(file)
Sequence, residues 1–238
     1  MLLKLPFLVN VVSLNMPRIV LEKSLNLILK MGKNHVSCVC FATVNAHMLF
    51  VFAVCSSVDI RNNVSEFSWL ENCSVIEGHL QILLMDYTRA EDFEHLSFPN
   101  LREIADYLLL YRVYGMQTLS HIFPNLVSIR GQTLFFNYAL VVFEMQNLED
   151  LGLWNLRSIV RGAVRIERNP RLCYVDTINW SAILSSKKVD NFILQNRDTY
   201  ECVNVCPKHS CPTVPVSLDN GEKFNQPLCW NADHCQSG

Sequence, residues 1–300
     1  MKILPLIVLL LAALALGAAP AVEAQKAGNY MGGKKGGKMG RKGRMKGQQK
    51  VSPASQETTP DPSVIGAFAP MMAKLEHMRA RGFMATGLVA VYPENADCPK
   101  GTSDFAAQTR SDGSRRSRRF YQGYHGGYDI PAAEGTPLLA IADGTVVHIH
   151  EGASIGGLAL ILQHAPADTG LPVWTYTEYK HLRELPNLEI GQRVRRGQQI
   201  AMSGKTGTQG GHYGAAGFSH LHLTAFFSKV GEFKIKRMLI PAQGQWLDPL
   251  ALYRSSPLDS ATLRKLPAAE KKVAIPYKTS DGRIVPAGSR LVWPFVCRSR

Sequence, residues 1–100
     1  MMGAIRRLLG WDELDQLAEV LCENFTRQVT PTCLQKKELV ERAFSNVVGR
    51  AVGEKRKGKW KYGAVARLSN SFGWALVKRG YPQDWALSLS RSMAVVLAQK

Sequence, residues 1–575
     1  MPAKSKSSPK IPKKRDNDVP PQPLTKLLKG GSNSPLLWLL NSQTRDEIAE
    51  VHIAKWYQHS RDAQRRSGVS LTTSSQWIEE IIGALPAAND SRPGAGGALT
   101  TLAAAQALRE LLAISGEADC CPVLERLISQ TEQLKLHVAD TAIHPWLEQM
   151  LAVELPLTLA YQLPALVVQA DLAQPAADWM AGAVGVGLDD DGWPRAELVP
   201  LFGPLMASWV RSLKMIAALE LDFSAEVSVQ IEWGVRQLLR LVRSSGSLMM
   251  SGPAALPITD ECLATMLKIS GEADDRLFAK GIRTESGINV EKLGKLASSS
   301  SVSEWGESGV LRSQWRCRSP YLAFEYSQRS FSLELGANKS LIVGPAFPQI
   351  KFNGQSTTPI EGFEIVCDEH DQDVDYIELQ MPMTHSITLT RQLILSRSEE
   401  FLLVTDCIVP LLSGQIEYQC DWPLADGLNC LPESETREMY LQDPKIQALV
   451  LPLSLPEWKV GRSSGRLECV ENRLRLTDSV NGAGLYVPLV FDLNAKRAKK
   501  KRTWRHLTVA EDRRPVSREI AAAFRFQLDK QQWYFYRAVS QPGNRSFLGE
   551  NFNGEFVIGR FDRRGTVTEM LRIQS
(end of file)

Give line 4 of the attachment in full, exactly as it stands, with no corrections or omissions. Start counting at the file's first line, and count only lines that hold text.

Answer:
   101  LREIADYLLL YRVYGMQTLS HIFPNLVSIR GQTLFFNYAL VVFEMQNLED